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Finding the Right Tripods for Camcorders

I have been researching and writing about consumer electronics for over 13 years.

Create Better Movies With Tripods for Camcorders

If you've put significant money into a camcorder or if the quality of your films matters to you, you should probably consider purchasing a camcorder tripod. Of all of the available accessories, the tripod is the one that can make the most immediate and significant improvement in your films.

In this article, you can learn more about why tripods for camcorders are important and how to choose the right one.

The Argument for Using a Tripod

When talking about camcorder tripods, one of the first questions to address is why a home videographer would be interested in having one. Certainly, a tripod is one extra piece of equipment to purchase and to have to carry around. This is why many budget-conscious consumers and those who want simplicity choose not to buy a tripod. However, this can be a mistake if you want your viewers to enjoy your films.

Steadiness is a primary factor in the quality of the video you capture. You can have a camcorder with high resolution, a fast frame rate that creates smooth motion, great color accuracy, and so forth, but if the video is jumping around due to an unsteady hand, it will still be difficult to watch. Undoubtedly, a camcorder with optical image stabilization will help in this regards, but the most complete solution is a good tripod. Handheld shots reveal any movements of the person filming, including minor hand shake. A tripod eliminates this.

Additionally, a tripod can help improve the audio portion of your recording. A tripod helps eliminate some of the noise created when you handle the video camera by hand.

How to Choose the Right Tripod

Here are some things to consider to guide you in making the right choice:

  • Good tripods for video cameras will not only provide rock-solid shots from a static location but will allow you to pan smoothly to follow the movement. A ball head or fluid head is often the best in this regard.
  • Of course, if you're buying a tripod, you might also need to consider its affordability. Certainly, some of the sturdiest, most durable tripods can cost well over $50 up to $700. However, there are tripods available across the continuum of cost as professionals use them as well. Even a very affordable $30 model is generally better than no tripod at all. Aluminum tripods are a much more affordable option than titanium or carbon fiber although these are sturdier.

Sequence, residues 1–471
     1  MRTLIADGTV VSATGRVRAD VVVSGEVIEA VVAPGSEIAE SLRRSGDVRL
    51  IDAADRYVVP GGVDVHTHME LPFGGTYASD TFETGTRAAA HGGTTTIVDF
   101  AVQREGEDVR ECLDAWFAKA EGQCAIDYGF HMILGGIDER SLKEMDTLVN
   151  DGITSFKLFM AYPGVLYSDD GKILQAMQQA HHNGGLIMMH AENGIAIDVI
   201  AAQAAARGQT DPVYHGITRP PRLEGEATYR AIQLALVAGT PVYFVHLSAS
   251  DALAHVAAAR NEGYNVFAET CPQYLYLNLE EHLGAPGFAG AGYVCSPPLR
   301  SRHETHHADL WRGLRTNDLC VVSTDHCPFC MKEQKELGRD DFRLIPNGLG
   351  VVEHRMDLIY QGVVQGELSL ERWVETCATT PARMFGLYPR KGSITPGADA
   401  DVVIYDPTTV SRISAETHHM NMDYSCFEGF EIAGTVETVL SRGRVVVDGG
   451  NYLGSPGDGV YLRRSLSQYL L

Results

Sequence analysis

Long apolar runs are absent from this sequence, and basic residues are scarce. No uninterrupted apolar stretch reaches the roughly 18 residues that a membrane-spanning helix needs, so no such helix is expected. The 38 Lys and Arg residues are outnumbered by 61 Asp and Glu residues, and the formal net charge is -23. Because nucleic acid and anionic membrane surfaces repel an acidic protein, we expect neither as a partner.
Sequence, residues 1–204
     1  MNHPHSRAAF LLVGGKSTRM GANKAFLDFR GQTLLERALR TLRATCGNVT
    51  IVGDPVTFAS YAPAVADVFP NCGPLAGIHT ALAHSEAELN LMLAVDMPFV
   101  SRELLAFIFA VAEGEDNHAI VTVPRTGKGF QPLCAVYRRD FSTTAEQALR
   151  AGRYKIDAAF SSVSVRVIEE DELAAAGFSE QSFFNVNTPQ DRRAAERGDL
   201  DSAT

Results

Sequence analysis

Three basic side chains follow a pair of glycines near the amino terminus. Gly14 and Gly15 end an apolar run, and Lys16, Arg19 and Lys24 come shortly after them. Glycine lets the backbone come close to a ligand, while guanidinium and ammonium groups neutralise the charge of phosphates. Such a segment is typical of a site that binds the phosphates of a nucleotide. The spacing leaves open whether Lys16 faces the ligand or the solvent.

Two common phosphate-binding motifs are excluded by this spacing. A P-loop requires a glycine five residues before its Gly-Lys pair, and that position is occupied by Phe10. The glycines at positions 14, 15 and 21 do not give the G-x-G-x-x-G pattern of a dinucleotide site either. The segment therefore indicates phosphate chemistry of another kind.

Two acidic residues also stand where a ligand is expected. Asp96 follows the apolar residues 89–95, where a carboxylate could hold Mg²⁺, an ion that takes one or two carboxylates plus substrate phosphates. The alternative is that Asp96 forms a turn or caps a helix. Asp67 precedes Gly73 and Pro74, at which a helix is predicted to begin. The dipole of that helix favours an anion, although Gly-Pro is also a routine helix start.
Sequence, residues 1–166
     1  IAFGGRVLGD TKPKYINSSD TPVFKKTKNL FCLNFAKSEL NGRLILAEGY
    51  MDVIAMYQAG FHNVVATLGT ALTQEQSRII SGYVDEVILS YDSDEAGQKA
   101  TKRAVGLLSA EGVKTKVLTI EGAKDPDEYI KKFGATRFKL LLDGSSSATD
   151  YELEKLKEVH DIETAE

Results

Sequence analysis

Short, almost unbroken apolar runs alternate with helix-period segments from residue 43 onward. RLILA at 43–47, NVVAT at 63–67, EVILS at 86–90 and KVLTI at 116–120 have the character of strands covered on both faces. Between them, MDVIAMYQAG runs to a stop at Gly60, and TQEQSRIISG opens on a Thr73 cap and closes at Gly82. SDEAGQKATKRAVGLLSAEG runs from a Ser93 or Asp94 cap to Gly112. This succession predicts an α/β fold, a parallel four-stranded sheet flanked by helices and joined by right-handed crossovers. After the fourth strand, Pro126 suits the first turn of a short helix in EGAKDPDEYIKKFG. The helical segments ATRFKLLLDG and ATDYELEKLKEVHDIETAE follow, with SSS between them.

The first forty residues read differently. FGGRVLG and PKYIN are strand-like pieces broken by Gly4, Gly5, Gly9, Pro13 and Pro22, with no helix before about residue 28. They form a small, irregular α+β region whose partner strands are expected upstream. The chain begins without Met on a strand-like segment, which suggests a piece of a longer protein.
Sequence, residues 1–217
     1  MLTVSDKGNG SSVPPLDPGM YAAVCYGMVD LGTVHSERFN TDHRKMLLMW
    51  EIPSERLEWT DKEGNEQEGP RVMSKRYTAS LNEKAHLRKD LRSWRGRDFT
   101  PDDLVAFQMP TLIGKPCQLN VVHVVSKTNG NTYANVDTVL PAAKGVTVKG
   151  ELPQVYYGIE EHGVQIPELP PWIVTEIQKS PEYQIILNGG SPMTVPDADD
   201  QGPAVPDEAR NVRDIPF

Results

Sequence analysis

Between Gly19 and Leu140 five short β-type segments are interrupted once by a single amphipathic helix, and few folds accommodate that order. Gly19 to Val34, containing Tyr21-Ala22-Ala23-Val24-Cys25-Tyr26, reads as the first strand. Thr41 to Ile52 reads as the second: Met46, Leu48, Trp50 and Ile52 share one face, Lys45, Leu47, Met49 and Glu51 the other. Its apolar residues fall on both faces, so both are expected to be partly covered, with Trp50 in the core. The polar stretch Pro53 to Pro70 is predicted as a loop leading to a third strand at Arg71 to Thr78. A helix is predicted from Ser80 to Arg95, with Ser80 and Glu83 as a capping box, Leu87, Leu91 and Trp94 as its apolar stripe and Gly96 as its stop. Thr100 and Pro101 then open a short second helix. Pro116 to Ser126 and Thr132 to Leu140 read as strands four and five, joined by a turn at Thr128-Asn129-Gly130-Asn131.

• The next question shoppers generally have is in regards to portability. Certainly, no one really wants more equipment to tote around. However, most tripods are quite lightweight and will fold up to a very small size. Both aluminum and titanium are very lightweight materials. There are a number of full-sized tripods that will fold up to a length of 12 to 14 inches and can often fit in a carrying case/bag for easy transport.
  • Of course, ease of set up is probably as important as ease of transporting. So some hands-on with the tripod before selecting it is important.
  • There are some basic features you want to consider, such as:
    • A ball head that allows for easy, smooth panning.
    • Some type of leveling indicator is also useful.
    • In addition, adjustable height is a critical feature. You'll want to be sure the locks will be secure to prevent slippage and will be easy to operate to save time and frustration.
    • For anyone filming outdoors, having spikes to help keep the tripod in place on uneven ground is another handy feature.
    • While used more often with still cameras, there are tripods that offer greater flexibility. They lack the rigid legs of traditional tripods and can be bent in many angles. (See the photo above as an example.) These might be right for a select few individuals who film outdoors primarily.
  • The final question often asked is how to identify quality equipment. Certainly, quality materials that will last are of primary importance. Titanium is highly recommended for its strength as is carbon fiber, but aluminum can serve adequately with today's smaller camcorders if you're on a budget. Keep in mind that nuts and bolts also indicate sturdier and more durable joints, plastic parts and rivets are more fragile.
  • Rubber feet grip better and last longer than plastic feet.
  • For the smoothest movement, a gear or fluid head is best if you don't mind spending more money.
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Tips for Using a Tripod for Better Video

© 2010 Christine Mulberry


Peg Cole from North Dallas, Texas on April 05, 2010:

Good solution for shakey hands on the camcorder. Makes watching home films more enjoyable. Thanks for the info.

Tony on March 24, 2010:

Great information.

LoneWolfMuskoka from Huntsville, Ontario, Canada on March 24, 2010:

I have a tripod that has most of the features you recommend with the exception of the ball head. This makes the panning a bit more jerky when doing both horizontal and vertical motions at the same time, so the next one I get will definitely have the ball head.

It still provides much better images than hand held shots.

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